DATE2023.04.14 #Press Releases
Subaru Images, Weighs, and Tracks Massive Benchmark Exoplanet
April 14, 2023
“We are now in a new era for imaging other worlds,” says Thayne Currie, lead author of the ground-breaking paper published in Science.
Direct imaging is a method that will someday reveal an Earth-like exoplanet around a nearby star. In the past 14 years, large ground-based telescopes equipped with adaptive optics (AO) to sharpen starlight have taken key steps towards this goal, revealing the first direct images of Jupiter-like gas giant exoplanets. These discoveries draw from so-called blind surveys: targets are selected based on system properties like age and distance but are otherwise unbiased. Unfortunately, the low yields of these blind surveys show that exoplanets we can image with current telescopes are rare.
Direct imaging searches focused on stars showing dynamical evidence for a planet may greatly increase the rate of imaging discoveries. Precision astrometry -- measuring the position and motion of stars on the sky -- could identify which stars are being pulled by the gravitational influence of an unseen companion and thus may host planets we can image.
An international research team led by the University of Tokyo, Subaru Telescope, the University of Texas-San Antonio, and the Astrobiology Center of Japan report the world’s first joint direct imaging and astrometric discovery of an exoplanet, using Subaru Telescope’s extreme adaptive optics system (SCExAO) coupled with its near-infrared spectrograph combined with astrometry from European Space Agency’s Gaia mission and its predecessor, Hipparcos. The planet was imaged around the nearby bright star HIP 99770, located in the constellation Cygnus.
“Once we knew which star to look at, Subaru’s extreme adaptive optics system was able to sharpen starlight so well that our infrared instruments could see the faint planet hinted at by Gaia and Hipparcos” notes Olivier Guyon, the Principal Investigator of SCExAO.
Figure 1. Infrared image of HIP 99770 taken by the Subaru Telescope. The bright main star at the position marked with * is hidden. The dashed ellipse shows the size of Jupiter’s orbit around the Sun to scale. The arrow points to the HIP 99770 b extrasolar planet. (Credit: T. Currie/Subaru Telescope, UTSA)
Figure 2. A movie showing the orbital motion of HIP 99770 b, made by combining the Subaru Telescope’s images taken from 2020-2021. (Credit: T. Currie/Subaru Telescope, UTSA)
The planet – HIP 99770 b – is about 100,000 times fainter than the star it orbits. Its CHARIS spectrum, combined with follow-up imaging from the W.M. Keck Observatory, reveals an atmosphere shaped by water and carbon monoxide, with a temperature about 10 times hotter than Jupiter’s. Its atmosphere resembles an older and slightly less cloudy counterpart to the atmospheres of the first imaged planets, HR 8799 bcd.
By jointly analyzing data from the Subaru Telescope, Keck, Gaia and Hipparcos, the team was able to directly measure the planet’s mass and constrain its orbit. HIP 99770 b is about 15 +/- 1 times the mass of Jupiter in our own Solar System, and orbits a star that is nearly twice as massive as the Sun. The planet’s orbit is three times larger than Jupiter’s around the Sun or just over half of Neptune’s distance from the Sun. However, it receives nearly the same amount of light as Jupiter because it’s host star is far more luminous than the Sun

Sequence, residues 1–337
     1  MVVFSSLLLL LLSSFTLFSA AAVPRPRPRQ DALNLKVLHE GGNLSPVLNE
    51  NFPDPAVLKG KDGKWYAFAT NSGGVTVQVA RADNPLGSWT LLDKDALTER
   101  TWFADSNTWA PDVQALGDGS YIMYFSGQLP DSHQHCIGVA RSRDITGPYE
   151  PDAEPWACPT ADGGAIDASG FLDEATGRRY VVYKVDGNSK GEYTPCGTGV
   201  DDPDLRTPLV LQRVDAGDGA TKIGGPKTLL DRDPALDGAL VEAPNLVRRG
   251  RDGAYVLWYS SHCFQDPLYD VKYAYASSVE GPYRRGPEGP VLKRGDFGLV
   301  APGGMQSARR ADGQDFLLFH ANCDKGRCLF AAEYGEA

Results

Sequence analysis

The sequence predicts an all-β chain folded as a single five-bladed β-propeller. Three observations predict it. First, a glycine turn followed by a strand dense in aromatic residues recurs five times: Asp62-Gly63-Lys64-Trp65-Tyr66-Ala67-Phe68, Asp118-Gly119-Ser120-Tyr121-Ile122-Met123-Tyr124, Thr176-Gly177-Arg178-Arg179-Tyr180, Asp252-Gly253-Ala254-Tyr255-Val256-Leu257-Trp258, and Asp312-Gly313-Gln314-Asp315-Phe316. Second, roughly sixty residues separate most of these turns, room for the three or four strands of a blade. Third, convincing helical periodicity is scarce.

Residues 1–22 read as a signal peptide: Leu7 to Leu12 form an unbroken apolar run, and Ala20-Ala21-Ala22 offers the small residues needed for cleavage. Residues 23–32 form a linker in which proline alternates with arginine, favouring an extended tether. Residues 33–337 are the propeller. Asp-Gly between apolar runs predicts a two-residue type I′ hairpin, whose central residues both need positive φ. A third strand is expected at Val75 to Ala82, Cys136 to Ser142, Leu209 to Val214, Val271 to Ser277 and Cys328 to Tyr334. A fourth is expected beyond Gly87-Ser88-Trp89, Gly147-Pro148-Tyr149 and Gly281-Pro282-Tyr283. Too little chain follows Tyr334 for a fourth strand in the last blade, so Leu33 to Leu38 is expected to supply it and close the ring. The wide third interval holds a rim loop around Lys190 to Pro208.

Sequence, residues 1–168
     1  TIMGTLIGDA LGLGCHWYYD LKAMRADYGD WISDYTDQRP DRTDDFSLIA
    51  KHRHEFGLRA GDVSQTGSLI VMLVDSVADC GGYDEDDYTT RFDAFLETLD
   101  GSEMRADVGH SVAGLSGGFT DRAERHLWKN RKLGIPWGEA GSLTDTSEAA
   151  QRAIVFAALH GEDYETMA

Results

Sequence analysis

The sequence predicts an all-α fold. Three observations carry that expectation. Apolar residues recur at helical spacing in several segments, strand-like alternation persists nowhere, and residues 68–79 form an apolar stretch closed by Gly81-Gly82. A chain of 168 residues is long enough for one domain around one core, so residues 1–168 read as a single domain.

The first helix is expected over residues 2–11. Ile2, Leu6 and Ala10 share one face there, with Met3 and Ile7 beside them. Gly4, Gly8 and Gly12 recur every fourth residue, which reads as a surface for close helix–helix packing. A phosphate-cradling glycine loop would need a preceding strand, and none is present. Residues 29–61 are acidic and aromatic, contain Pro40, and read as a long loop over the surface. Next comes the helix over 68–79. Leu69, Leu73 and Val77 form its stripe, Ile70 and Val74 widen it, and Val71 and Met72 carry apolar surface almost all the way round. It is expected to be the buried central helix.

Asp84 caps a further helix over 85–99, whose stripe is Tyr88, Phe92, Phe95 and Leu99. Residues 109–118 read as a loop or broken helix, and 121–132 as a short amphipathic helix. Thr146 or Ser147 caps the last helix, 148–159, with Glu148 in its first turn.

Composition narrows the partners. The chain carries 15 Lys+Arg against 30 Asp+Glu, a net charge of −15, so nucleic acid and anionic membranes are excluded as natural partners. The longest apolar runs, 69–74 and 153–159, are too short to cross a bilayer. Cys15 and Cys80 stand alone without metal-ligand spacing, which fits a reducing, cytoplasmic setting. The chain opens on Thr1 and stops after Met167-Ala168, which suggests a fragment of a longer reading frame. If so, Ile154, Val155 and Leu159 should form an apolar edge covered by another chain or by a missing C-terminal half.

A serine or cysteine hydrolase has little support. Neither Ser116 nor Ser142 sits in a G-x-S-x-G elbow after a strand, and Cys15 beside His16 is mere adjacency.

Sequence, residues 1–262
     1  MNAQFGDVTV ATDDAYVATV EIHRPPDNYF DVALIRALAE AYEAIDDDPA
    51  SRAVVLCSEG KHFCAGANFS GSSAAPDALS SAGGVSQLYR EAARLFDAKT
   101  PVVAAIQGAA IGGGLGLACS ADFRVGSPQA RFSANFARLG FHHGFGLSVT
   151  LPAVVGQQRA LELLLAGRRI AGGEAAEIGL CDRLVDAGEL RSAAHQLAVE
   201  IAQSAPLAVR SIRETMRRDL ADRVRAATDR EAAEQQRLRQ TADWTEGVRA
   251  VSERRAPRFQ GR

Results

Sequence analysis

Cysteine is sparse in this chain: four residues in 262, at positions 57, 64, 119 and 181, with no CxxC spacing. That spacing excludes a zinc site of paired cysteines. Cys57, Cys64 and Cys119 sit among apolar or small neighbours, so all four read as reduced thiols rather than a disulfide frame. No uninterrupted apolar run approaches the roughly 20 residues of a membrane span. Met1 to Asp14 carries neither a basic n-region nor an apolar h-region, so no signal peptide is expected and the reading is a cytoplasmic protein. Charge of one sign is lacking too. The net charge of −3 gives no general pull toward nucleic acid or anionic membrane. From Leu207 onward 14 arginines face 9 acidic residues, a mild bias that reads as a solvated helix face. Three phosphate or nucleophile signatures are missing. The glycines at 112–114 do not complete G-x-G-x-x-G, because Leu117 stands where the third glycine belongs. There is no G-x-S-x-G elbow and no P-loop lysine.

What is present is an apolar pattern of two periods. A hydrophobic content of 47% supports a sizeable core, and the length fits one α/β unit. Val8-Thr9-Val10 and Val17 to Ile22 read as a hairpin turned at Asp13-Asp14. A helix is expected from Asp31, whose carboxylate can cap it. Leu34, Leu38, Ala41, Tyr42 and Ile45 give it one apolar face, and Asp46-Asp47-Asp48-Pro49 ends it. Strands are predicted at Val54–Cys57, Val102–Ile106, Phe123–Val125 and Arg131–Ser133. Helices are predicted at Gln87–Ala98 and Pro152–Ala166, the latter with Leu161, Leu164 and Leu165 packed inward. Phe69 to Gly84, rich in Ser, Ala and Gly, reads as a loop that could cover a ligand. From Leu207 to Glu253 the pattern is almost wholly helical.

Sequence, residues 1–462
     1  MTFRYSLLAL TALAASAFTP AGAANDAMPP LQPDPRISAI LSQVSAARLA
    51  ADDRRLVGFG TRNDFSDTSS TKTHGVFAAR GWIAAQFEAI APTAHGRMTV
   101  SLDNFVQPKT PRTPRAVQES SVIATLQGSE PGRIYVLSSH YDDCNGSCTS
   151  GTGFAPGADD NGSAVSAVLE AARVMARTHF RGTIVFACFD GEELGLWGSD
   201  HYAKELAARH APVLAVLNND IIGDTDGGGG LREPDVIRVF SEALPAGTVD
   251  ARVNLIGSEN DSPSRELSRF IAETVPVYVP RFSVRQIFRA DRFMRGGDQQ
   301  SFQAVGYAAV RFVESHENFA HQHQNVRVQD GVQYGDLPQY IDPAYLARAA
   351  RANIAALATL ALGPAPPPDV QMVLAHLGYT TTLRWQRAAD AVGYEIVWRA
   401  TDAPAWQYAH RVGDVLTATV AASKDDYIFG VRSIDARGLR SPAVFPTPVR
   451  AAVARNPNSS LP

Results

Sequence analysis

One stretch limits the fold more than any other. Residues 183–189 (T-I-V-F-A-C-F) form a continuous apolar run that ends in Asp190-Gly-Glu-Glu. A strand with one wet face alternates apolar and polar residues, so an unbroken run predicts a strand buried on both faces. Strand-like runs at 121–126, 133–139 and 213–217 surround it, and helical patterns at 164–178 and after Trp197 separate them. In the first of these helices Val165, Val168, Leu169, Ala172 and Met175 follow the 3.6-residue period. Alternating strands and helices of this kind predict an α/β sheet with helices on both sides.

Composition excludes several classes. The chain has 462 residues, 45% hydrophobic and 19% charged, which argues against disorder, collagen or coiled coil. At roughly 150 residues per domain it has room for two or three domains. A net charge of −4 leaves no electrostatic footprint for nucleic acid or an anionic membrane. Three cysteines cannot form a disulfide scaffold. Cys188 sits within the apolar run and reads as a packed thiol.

“Combining direct imaging from Subaru and Keck with precision astrometry tells us far more about planets like HIP 99770 b than was previously possible,” says Currie.
The combined approach will also allow us to find an Earth-like planet around a nearby star with upcoming ground-based observatories like the Thirty Meter Telescope or space-based ones like the Habitable Worlds Observatory. Such a planet will be much closer to its star than any planet imaged to date and so will spend a large amount of time either in front or behind that star, making it impossible to see.
“The indirect detection method will help us to guess when a rocky, terrestrial planet could be imaged. Once we know when to look, we hope to learn whether this planet has an atmosphere compatible with life as we know it on Earth,” says Motohide Tamura, Professor of the University of Tokyo.
The Subaru Telescope and the W. M. Keck observatory are located at the summit of Maunakea in Hawai`i, an inactive volcano known for its unsurpassed qualities as an astronomy site and its deep personal and cultural significance to many Native Hawaiians.
These results appeared as Currie et al. “Direct Imaging and Astrometric Detection of a Gas Giant Planet Orbiting an Accelerating Star” in Science on April 14, 2023.
Project Assistant Professor Jungmi KWON and Professor Motohide TAMURA (Department of Astronomy, School of Science, The University of Tokyo) contributed to this research.
Journal Science TitleDirect Imaging and Astrometric Detection of a Gas Giant Planet Orbiting an Accelerating StarAuthorsCurrie et al.DOILinks